March 2016
Volume 57, Issue 3
Open Access
Letters to the Editor  |   March 2016
Light Levels and the Development of Deprivation Myopia
Author Affiliations & Notes
  • Virgilio Galvis
    Centro Oftalmológico Virgilio Galvis, Floridablanca, Colombia
    Faculty of Health Sciences. Universidad Autónoma de Bucaramanga, Floridablanca, Colombia
  • Alejandro Tello
    Centro Oftalmológico Virgilio Galvis, Floridablanca, Colombia
    Faculty of Health Sciences. Universidad Autónoma de Bucaramanga, Floridablanca, Colombia
  • M. Margarita Parra
    Centro Oftalmológico Virgilio Galvis, Floridablanca, Colombia
Investigative Ophthalmology & Visual Science March 2016, Vol.57, 824. doi:
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      Virgilio Galvis, Alejandro Tello, M. Margarita Parra; Light Levels and the Development of Deprivation Myopia. Invest. Ophthalmol. Vis. Sci. 2016;57(3):824. doi:

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      © ARVO (1962-2015); The Authors (2016-present)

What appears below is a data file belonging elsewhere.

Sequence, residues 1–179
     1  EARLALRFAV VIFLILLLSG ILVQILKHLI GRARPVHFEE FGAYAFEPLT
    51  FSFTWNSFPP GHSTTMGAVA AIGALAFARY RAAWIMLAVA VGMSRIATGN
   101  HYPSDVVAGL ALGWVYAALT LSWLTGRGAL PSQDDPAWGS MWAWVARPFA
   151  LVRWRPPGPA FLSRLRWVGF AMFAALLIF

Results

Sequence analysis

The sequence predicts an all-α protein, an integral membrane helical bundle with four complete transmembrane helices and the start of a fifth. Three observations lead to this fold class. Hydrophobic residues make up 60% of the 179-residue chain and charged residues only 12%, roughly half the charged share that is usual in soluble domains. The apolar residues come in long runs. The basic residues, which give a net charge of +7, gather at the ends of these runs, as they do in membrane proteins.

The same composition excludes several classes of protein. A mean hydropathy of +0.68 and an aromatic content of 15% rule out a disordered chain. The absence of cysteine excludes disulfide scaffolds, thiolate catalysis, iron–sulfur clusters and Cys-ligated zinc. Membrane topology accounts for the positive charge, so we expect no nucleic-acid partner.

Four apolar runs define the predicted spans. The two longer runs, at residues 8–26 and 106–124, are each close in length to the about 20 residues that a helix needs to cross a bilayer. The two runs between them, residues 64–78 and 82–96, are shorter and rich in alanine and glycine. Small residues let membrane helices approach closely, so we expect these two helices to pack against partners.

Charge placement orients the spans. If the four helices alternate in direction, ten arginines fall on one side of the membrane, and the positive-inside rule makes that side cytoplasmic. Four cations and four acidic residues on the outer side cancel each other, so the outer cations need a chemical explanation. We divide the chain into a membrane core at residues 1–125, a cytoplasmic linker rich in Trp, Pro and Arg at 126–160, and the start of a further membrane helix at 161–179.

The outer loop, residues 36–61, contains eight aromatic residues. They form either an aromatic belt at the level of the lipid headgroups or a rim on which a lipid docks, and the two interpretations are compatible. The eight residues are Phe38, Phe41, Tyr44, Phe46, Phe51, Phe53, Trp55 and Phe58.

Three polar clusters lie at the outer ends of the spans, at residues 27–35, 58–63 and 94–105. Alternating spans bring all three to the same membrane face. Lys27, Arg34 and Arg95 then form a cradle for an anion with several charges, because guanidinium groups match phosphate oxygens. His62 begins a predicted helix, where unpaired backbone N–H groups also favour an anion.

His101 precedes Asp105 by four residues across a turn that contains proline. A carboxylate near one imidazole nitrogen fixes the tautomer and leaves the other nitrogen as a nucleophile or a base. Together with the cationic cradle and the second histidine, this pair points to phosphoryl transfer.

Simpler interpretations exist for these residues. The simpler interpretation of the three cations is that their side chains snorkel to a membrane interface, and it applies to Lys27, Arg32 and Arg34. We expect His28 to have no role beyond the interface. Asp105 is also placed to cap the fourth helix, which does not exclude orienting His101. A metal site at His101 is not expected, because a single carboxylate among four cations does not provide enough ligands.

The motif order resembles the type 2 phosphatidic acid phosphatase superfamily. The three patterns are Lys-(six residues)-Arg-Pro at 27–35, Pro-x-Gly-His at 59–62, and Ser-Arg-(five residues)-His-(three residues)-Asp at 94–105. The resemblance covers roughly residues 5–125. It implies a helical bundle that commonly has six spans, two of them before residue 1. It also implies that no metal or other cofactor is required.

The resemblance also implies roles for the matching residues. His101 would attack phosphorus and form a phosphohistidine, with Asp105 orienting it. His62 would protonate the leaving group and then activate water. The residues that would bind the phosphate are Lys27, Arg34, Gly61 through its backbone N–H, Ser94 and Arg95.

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We read with interest the article on illumination levels and form-deprivation myopia in chicks by Karouta and Ashby.1 As the authors explained, several epidemiological studies and data from some clinical trials have suggested that there is a light-stimulated protective effect of outdoors activities for the development of myopia.26 Animal studies have supported that hypothesis.7,8 A previous work by Ashby et al.7 showed that the development of experimental deprivation myopia could be partially inhibited when the diffusers were removed daily for 15 minutes with exposure during that period of time to sunlight (around 30,000 lux), bright indoor light (UV-free, 15,000 lux) or even laboratory standard conditions (500 lux). The protective effect was greater when the birds were exposed to direct sunlight than when they were exposed to either intense indoor lighting or normal laboratory light levels. A similar effect of bright light (15,000 lux) was observed also in chicks that wore their diffusers continuously and were exposed to the light for a period of 6 hours per day.7 Smith et al.8 found a comparable effect in Rhesus monkeys. High ambient lighting (around 25,000 lux) retarded the development of form-deprivation myopia.